Don’t Fear the Fairway

Today’s long-hitting fairway woods are engineered to hit clean on everything from hardpan to long grass.
As a young golfer way back when, I was afraid to take the 3-wood out of my bag. That club was the golf equivalent of the monster under the bed. The very thought of trying to push it through the long grass on the public links where I played was enough to bring nightmares.
I’ve outgrown my fear of fairway woods, but some golfers never have, and that’s unfortunate, because today’s clubs are far easier to hit than even those of a generation ago, let alone those of the primeval epoch of which I speak.
New Designs, New Confidence
Hybrid clubs that combine features of fairway woods and irons have been the subject of more attention than fairway woods in recent years, but changes in the design of the woods promise to bring these long-hitting clubs out of the bag and back into the forefront of the game.
Taking a cue from hybrid technology, many of today’s new-design fairway woods feature a shallow face and low center of gravity, making them easier to hit. While the 43-inch length of a 3-wood makes it a challenge for many golfers, some makers offer what one might call a fairway/hybrid combo with a somewhat shorter shaft. Others market 4-woods, which have a shorter shaft and a bit more loft – again making them easier to hit. Models designed to produce draw can add a bit more length to fairway shots and a bit of additional loft can make any fairway wood easier to hit. And as with drivers, clubs with adjustable loft are becoming available.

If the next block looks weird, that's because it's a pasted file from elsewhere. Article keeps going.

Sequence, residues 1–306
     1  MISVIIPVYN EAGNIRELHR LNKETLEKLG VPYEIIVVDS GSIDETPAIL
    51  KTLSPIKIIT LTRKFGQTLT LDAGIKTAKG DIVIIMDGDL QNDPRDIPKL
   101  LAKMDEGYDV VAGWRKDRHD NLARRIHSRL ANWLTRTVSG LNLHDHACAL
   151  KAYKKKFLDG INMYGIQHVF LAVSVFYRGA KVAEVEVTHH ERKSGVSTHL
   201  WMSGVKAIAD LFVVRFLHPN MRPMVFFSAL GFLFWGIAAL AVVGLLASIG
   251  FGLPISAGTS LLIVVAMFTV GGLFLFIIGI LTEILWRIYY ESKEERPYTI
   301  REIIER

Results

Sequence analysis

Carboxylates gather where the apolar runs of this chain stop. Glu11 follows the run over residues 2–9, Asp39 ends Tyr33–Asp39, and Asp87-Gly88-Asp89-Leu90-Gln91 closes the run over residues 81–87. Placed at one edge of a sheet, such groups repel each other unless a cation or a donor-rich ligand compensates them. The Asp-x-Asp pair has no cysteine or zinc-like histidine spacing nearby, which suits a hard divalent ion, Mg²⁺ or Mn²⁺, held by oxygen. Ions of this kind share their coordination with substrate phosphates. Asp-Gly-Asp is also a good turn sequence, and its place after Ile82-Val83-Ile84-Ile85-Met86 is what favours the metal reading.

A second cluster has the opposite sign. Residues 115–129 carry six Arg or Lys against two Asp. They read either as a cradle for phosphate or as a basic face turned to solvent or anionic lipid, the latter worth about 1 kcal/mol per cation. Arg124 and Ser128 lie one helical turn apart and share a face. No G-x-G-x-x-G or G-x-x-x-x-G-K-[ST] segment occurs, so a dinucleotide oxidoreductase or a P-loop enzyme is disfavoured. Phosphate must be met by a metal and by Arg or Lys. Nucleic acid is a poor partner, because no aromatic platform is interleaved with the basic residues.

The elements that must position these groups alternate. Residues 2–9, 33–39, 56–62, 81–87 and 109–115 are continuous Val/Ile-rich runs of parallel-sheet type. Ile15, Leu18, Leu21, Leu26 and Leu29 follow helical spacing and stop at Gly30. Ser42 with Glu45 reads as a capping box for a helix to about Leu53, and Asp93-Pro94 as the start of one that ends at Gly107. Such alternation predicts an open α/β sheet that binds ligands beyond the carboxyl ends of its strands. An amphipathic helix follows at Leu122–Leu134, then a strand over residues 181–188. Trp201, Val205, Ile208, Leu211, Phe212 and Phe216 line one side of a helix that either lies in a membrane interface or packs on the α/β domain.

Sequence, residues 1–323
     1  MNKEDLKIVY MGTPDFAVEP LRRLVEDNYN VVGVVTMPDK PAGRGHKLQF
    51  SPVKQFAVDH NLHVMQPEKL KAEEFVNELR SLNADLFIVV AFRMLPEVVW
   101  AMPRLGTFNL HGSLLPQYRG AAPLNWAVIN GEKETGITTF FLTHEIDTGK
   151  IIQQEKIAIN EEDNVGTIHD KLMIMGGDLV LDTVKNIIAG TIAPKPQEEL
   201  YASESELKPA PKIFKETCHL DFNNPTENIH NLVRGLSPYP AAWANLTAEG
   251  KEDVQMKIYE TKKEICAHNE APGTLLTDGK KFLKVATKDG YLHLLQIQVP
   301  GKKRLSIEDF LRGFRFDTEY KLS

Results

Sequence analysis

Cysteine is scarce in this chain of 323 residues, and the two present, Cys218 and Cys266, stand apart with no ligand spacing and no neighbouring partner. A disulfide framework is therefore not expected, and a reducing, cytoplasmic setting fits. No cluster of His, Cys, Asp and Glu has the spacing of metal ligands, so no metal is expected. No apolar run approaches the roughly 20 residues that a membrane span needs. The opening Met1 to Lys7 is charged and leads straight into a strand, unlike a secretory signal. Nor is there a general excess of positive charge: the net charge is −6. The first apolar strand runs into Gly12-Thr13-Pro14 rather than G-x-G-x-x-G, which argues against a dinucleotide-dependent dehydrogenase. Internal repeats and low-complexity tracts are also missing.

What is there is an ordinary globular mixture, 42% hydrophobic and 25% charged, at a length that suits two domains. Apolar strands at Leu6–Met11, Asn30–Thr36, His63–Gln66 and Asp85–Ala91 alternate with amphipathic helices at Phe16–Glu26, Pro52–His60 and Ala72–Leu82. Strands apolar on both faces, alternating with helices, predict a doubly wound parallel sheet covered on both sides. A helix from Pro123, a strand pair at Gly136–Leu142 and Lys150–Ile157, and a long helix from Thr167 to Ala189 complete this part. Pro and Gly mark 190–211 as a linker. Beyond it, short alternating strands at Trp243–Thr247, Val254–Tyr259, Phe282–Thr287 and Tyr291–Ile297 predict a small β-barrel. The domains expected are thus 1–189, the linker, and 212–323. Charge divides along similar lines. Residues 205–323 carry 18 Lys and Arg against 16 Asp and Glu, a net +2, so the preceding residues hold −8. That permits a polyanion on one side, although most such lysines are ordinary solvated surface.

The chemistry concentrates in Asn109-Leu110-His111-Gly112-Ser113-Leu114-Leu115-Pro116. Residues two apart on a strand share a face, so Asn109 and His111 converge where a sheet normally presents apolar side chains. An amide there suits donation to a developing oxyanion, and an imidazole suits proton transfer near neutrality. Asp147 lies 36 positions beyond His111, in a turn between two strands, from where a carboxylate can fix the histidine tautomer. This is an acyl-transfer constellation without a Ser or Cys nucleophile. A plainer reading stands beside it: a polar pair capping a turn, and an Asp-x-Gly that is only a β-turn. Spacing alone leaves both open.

Most of today’s best fairway woods claim a high CT or characteristic time, which is a measurement of the trampoline effect that a club produces when contacting the ball. The USGA places limits on CT, and the longest hitting fairway woods all come close to that limit.
Fabulous for the Fairway
The Adams’ Super S Fairway stainless steel wood features that maker’s cut-thru sole slot, which works with the crown slot to generate a spring-like effect that optimizes energy transferred to the ball. According to the maker, the club’s CT is just barely within the limits set by the USGA. In addition, a refined crown slot generates a higher launch angle without increasing spin. The result is long carry distance.